Today’s AM fix was USD 1,756.75, EUR 1,344.31 and GBP
1,081.81 per ounce.
Yesterday’s AM fix was USD 1,767.25, EUR 1,349.36 and GBP 1,089.42 per ounce.
Silver is trading at $34.16/oz,
€26.24/oz and £21.10/oz. Platinum is trading at
$1,662.00/oz, palladium at $673.60/oz and rhodium at $1,350/oz.
Gold fell $14.00 or 0.79% in New York yesterday and
closed at $1,757.60. Silver dropped to as low as $33.806 before it rebounded
back higher, and finished trading with a loss of 1.76%.
Cross Currency Table – (Bloomberg)
Gold inched lower in quiet volatile trade on Tuesday
after equity and commodity markets pulled back overnight and investors booked
profits from the recent rally created by the US Fed’s QE3 launch.
However the current monetary climate of central bank
money printing will cause inflation and this is increasing the appeal of gold
Platinum also fell, as news announced about Japanese closures
of car plants in China due to the escalating territorial dispute between the
The China Japanese tensions have been simmering for
some time and this largely unacknowledged geopolitical risk is a real risk to
The tensions have led to protests and attacks on
Japanese companies such as car makers Toyota Motor Corp and Honda Motor,
forcing them to cease operations and there have been hints of trade
Platinum is used as an auto catalyst and is necessary
part for production in the automotive industry.
Central banks are pursuing quantitative easing, in
effect, printing and electronically creating money which is extremely easy
for central bankers to do.
Conversely, gold is called a ‘precious metal’ for a
reason. Gold remains very precious, finite and very rare. All the gold in the
world if made into one large gold bar (0.9999 pure) would be 21 metres cubed and would fit on the centre
court of Wimbledon.
Gold needs to be extracted from the bowels of the earth
in a gold mine. It needs to be found and it needs much capital and technology
and specialist labour to get small amounts of gold
out of the ground.
Lessons of QE: Printing Money Is Easy, Mining Gold Is
The process of development can take a very long time
and many gold mining companies become insolvent and are not successful in
producing even one ounce of gold. When companies are successful, it is often
only many years later that one ounce of gold is produced.
This difficult task means that while U.S. money supply
in the form of M2 has risen by 30% since June 2008, gold production has
fallen by 1.7%, despite rising gold prices.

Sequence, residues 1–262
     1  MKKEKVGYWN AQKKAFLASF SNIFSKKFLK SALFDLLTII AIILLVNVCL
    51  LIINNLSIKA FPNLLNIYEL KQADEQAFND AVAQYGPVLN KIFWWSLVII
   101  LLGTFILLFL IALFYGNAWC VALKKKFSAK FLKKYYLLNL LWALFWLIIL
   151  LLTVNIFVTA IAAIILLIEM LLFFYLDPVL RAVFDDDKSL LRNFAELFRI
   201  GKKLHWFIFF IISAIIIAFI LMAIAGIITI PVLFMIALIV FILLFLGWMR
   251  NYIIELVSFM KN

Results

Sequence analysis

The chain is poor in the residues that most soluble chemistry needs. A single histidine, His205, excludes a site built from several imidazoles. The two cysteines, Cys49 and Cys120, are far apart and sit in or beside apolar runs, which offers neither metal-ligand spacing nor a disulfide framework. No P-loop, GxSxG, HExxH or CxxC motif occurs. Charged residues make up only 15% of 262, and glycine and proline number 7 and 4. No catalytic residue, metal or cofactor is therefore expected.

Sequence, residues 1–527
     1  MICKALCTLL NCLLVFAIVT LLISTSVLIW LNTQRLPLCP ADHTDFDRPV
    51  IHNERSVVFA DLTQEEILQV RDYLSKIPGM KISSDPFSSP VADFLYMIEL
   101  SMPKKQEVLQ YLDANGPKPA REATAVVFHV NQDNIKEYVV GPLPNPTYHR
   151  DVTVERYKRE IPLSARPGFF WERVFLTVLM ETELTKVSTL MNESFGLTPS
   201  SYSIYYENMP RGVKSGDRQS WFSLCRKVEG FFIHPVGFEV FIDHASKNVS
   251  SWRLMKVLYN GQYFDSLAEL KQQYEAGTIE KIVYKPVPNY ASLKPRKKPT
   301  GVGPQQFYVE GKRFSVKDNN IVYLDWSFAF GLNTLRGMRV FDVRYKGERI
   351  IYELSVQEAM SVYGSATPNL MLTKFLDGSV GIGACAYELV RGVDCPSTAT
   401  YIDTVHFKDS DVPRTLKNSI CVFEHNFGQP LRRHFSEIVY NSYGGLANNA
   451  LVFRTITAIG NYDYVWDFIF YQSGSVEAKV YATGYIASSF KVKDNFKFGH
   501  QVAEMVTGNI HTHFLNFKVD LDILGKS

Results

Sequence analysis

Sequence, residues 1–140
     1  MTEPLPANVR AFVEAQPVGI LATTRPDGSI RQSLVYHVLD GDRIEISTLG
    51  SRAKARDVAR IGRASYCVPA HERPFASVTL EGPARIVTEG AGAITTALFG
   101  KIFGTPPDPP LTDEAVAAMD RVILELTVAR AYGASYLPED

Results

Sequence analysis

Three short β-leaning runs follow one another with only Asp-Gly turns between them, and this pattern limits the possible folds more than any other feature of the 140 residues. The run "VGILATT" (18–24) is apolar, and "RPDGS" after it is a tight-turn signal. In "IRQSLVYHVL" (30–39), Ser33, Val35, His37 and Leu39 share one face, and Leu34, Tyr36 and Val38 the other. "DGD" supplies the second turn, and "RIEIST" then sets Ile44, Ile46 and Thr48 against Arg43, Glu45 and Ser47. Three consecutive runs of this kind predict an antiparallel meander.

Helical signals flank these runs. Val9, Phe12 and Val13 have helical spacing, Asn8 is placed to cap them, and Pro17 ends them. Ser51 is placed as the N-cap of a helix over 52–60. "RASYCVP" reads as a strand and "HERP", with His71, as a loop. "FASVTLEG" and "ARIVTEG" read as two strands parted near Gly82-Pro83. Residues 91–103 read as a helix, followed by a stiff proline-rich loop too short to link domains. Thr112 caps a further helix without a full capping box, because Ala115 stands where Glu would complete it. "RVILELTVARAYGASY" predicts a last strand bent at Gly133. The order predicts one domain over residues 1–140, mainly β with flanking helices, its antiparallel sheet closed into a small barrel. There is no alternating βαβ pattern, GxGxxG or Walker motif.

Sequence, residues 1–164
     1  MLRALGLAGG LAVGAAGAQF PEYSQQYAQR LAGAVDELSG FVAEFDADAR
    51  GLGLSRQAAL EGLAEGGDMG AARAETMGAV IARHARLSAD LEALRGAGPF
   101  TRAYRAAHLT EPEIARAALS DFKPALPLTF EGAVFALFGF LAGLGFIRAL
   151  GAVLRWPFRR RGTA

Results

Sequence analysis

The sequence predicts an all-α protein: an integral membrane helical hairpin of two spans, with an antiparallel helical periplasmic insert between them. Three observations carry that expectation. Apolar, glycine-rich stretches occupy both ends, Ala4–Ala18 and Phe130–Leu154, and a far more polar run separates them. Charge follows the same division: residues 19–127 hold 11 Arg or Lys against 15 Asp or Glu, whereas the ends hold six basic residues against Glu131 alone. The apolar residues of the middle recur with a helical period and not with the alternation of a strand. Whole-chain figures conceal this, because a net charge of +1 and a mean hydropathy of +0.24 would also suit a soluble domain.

While the concept of “peak oil” has been widely debated
in markets, that of “peak gold” is less well known.
This will change in the coming years.
Cash Costs Are Rising for Gold Miners as Grades Are
Rising cash costs have been fuelled by declining ore
grades and higher raw material costs – especially with regard to higher oil
and energy costs. Mining remains a very energy intensive business.
Ore grades have declined 8% annually, while cash costs
have had a 14.1% CAGR since 2005 for senior producers.
Cost inflation has been driven by fuel, labour and key consumables, which have only been
partially mitigated by the rising gold price.
Gold Production Stable Amid Decade-Long Price Surge
Global gold production remains at its level of the late
'90s, even though prices have risen to over $1,700 per ounce from $252 per
ounce in 1999 or roughly 16% per annum in dollar terms.
Only Rio Tinto and Ivanhoe's Oyu
Tolgoi mine in Mongolia stand out as a major new
gold mines expected to begin production in the near future.
Bulls note that global production has remained
impervious to the price of gold. This may continue to be the case due to the
increasingly obvious geological constraints being seen in the gold mining
Resource nationalism is beginning to become an
important factor again. This will also almost certainly affect supply at a
time when demand is increasing from people throughout the world and many
hedge funds, pension funds and central banks’ due to geopolitical, systemic
and monetary risks.
The lesson of QE is that fiat currencies increasingly
grow on trees. Gold does not.
This is the primary reason that gold will continue to
protect investors in the coming months.
Charts and data courtesy of Bloomberg Industries
Kenneth Hoffman and the Precious Metal Mining Team
(Bloomberg) -- Gold ETP Holdings Climb to Record for 10th Straight Session
Gold holdings in exchange-traded products backed by the metal rose to a
record for the 10th straight session.
The amount increased 2.69 metric tons, or 0.1 percent,
to 2,506.29 tons, data tracked by Bloomberg showed.
(Bloomberg) -- South Africa’s ANC, Unions Blame Mine
Owners for Violence
South Africa’s ruling party and biggest labor group blamed mining companies
for labor unrest that has crippled the world’s biggest platinum industry,
saying they failed to pay their employees enough.
Workers at shafts owned by Lonmin
Plc, Anglo American Platinum Ltd. and Gold Fields Ltd. have embarked on a
series of illegal strikes over the past month. At least 45 people have died
at Lonmin’s Marikana
mine, 34 of them killed by police on Aug. 16 when they opened fire on
“The socio-economic conditions of the mine workers at Marikana and other areas are part of what led to the
human tragedy that continues to haunt our nation,” the African National
Congress’ National Executive Committee, the party’s top leadership structure,
said in an e-mailed statement today. “Mining remains the bedrock of the South
African economy and yet the abject poverty and squalor surrounding mining
areas remains a matter of deep concern.”
The ANC has ruled South Africa since all-race elections
in 1994 in alliance with the Congress of South African Trade Unions and the
South African Communist Party. While the striking workers have accused the Cosatu-affiliated National Union of Mineworkers of
failing to represent their interests, the rival Association of Mineworkers
and Construction Union has gained recruits.
Lonmin has blamed union rivalry for igniting tension at
The strikes at gold and platinum mines this year have cost the economy 4.5